Gonchar a key
By the end of Gonchar’s four-month rehabilitation stint from surgery, his Penguins were in 10th place in the Eastern Conference Standings with more losses than victories.
“It's probably one of the worst feelings I've had in my life as a hockey player, because that was the first injury in my life when I was out for such a long time,” said Gonchar. “I knew we had a good team, good group of guys, but unfortunately, things weren't going our way, and I didn't know where we were going to end up and how it was going to be. Then when I came back, I made a few changes.”
It was the Penguins’ Valentine. Gonchar – who hurt his shoulder in a preseason game – made his season debut Feb. 14. From that point on, the Penguins went 18-4-4, rising from 10th to fourth in the Eastern Conference standings.
“The regular season I think we were about a 500 team without him,” said Gonchar’s blue-line partner, Brooks Orpik. “I think a lot of the defensemen were pushed into roles that they weren't really all that comfortable with when he was out. I don't know, it's funny. He's a really quiet guy. Keeps to himself, pretty private person. But when he is in the lineup, he just seems like he has a really calming influence on everybody.”
Gonchar was notably in the lineup for Tuesday’s Game 3, scoring the winning goal on a power play, leading his team in ice time, matching up well defensively against Valtteri Filppula’s line and Darren Helm’s line.
Maxime Talbot and Sidney Crosby sat next to each other in the Pittsburgh locker room before Game 3, looking across at Gonchar on the opposite side of the room. Talbot and Crosby discussed how the Russian never got unnerved.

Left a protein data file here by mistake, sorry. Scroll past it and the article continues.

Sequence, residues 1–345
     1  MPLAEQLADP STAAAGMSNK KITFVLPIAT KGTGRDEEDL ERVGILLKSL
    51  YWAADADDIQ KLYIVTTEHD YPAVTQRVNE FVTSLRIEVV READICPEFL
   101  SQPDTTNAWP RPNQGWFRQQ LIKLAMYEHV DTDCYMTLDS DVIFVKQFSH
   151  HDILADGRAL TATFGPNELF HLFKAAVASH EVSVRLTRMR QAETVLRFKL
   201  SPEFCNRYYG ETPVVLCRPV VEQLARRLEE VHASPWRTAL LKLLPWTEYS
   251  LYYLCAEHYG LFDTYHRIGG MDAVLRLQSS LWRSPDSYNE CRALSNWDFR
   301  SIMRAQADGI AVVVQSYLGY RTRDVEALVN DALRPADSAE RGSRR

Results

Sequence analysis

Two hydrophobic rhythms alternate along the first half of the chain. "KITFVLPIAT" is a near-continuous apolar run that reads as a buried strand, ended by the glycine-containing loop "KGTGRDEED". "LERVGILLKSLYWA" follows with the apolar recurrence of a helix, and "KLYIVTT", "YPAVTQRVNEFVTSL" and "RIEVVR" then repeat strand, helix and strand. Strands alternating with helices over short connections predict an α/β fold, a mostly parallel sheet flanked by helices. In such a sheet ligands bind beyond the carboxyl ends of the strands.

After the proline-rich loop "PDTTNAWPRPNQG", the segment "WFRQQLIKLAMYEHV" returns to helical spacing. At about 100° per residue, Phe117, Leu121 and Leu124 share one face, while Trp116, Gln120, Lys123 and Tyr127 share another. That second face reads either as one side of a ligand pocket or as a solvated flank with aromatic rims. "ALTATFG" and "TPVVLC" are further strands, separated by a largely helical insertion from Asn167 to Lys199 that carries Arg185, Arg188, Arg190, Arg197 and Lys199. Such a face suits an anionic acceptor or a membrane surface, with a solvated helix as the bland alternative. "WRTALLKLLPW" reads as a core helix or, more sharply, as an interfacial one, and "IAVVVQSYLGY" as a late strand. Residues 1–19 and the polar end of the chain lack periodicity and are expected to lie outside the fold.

“We looked at him … And you look at him, and he's just so calm, he's just so relaxed and so poised,” said Talbot. “You look in his eyes and you know he's ready. He's been through a lot this year. It was a tough season. But as soon as he came back, I think it was a turning point of the season when he came back, the power play started going. And you know, he kind of gives you that confidence that, okay, I'm relaxed.”
Gonchar is 35. He’s from the same draft class that brought Kirk Maltby into the league; a draft peer of Matthew Barnaby, who now fires questions at Gonchar as a television analyst. There aren’t many left in the NHL from that 1992 class.
Gonchar was a 24-year-old with the Washington Capitals when they lost to the Red Wings in the 1998 Stanley Cup final.
He has built a career by being an elite offensive defenseman with good defensive skills.
Gonchar has had 11 seasons with 10 or more goals. Although his power-play work is what draws the most attention, Gonchar is extremely productive at even strength, having six seasons with 10 or more even-strength goals. (In contrast, Nicklas Lidstrom has never had a season with more than nine even-strength goals.)
But with the Red Wings struggling to kill penalties this post-season – Detroit has allowed 18 power-play goals in 19 games – Gonchar’s power-play work will play a key role.
“It's been a matter of just battling hard out there and finding ways to get pucks on net,” said Crosby. “When you've got a guy like Gonch back there who does a great job of it, we just try to get him the puck.”
The Penguins got a second dose of life without Gonchar in the second round of the playoffs. Gonchar was injured by a knee-on-knee collision with countryman Alex Ovechkin. Gonchar missed Games 5 and 6 of that series, but returned to help the Penguins win Game 7.
“For us, obviously, when he got hurt against Washington it was scary,” said Talbot. “But when he came back it was a huge boost. Because we know how important he is for our team, and not only our power play, but the whole team.”